Currently, ISPs do not charge anything to Content Creators except a monthly fee for internet service–just the same as they charge the consumers. As you can imagine however, ISPs want to maximize their profits. One way of doing this would be to charge the Content Creators an extra fee to allow fast speeds through the ISPs network. Any Content Creator that doesn’t cough up the extra money for fast lane access gets all of their data slowed down to a crawl.
The effect in the real world would be that the Consumers would not be able to watch YouTube or Netflix videos, or listen to music on Spotify (for example) without the music and/or videos stuttering and stalling. It could amount to a very poor user experience.
From the ISPs point of view, it costs more money to push more data across the network so why shouldn’t they charge a premium for large & high-speed data transfer?
From the Content Creator’s point of view, they are already paying for the connections they have to the internet and the amount of data they are using so why should they be asked to pay more to allow their data to travel quickly to the Consumer?
Realistically, large companies like Facebook, YouTube and Netflix may not like the idea of paying a tariff for their data, but it would not substantially hurt their businesses to do so. The biggest problem comes in for young startup companies.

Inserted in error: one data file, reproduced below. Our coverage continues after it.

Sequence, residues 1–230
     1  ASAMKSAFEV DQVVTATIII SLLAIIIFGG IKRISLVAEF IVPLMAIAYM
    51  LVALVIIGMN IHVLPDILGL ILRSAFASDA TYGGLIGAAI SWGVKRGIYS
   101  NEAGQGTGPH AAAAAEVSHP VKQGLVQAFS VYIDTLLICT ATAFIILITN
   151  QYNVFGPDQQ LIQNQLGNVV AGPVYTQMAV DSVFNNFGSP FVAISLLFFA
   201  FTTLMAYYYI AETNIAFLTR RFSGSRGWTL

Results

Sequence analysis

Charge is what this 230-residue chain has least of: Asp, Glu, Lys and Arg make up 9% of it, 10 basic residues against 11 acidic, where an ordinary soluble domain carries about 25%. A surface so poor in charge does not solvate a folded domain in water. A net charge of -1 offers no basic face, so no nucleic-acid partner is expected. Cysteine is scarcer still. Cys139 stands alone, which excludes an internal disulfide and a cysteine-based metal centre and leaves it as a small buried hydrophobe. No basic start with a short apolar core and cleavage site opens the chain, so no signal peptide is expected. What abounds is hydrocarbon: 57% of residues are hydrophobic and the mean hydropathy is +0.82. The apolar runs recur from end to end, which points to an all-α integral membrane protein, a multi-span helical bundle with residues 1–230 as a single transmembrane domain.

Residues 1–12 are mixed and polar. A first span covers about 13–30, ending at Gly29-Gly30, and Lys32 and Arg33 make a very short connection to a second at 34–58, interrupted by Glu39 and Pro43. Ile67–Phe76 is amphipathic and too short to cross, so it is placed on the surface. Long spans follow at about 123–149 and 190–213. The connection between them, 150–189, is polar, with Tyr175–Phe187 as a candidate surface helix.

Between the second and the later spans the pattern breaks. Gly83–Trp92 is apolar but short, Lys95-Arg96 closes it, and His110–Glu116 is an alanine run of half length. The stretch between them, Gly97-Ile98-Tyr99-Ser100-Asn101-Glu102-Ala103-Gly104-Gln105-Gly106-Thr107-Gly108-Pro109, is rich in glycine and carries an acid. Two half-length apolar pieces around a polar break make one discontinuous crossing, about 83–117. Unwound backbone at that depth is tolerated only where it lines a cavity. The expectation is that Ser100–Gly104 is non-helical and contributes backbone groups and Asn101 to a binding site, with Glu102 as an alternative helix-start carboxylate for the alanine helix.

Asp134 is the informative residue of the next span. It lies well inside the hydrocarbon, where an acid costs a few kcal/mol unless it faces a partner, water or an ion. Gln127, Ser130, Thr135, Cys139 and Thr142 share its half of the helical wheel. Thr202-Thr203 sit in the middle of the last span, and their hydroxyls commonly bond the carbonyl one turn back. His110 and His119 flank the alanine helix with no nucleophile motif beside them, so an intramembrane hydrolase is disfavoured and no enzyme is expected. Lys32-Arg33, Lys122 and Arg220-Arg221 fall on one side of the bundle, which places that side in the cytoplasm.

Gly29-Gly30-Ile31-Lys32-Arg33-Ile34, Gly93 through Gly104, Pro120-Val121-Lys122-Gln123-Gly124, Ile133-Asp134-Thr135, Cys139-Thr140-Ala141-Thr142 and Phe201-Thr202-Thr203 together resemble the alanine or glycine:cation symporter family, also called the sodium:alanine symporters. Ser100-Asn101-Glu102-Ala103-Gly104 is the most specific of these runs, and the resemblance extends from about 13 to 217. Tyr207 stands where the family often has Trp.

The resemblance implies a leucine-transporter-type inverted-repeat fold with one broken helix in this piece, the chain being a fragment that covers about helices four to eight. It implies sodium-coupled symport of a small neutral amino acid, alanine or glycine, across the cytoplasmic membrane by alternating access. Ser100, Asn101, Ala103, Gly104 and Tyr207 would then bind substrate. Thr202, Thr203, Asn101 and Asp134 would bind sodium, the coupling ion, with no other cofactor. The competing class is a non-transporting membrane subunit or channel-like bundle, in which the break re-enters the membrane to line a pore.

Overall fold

Imagine what would happen if ISPs decided to charge these tariffs whenever a company’s data usage met certain criteria. Now further imagine that a company like Instagram is just starting up. Instagram has no revenue stream but people all across the world are downloading the app and going crazy taking and sharing photos which is causing a large amount of bandwidth usage on Instagram’s servers. Suddenly, Instagram’s ISP decides to impose a tariff for the data usage but, because Instagram has no revenue, they cannot pay. Therefore the user experience degrades to the point that no one wants to use the service any more. Instagram’s ISP has effectively killed a business before it even got off the ground.
If data on the internet is declared neutral then this Instagram scenario I just described will not be allowed to happen.
Title II vs. Section 706
At this point in the article I realize that I may have bitten off a little more than I can chew. A full explanation of the Title II debate would effectively double the length of this article. Therefore, I’ll whittle it down to the most basic explanation.
To classify ISPs as common carriers under Title II would allow the FCC to regulate the hell out of the ISPs and force them to work “in the public interest.” On the other hand, Section 706 (of the Telecommunications Act of 1996) would allow the FCC to regulate ISPs moving forward, but there are no existing statutes to which service providers must adhere. Therefore, any new rules that would govern the behavior of the ISPs would take significant time to put in place as well as be directly affected by both the sentiments of the FCC Chairman and any interested lobbying groups.
For a more complete discussion of the Title II debate, please read this article on the Daily Dot which provides a lot more depth to the conversation.
Also, to get information directly from the horse’s mouth, please read Chairman Wheeler’s ideas about protecting an open internet.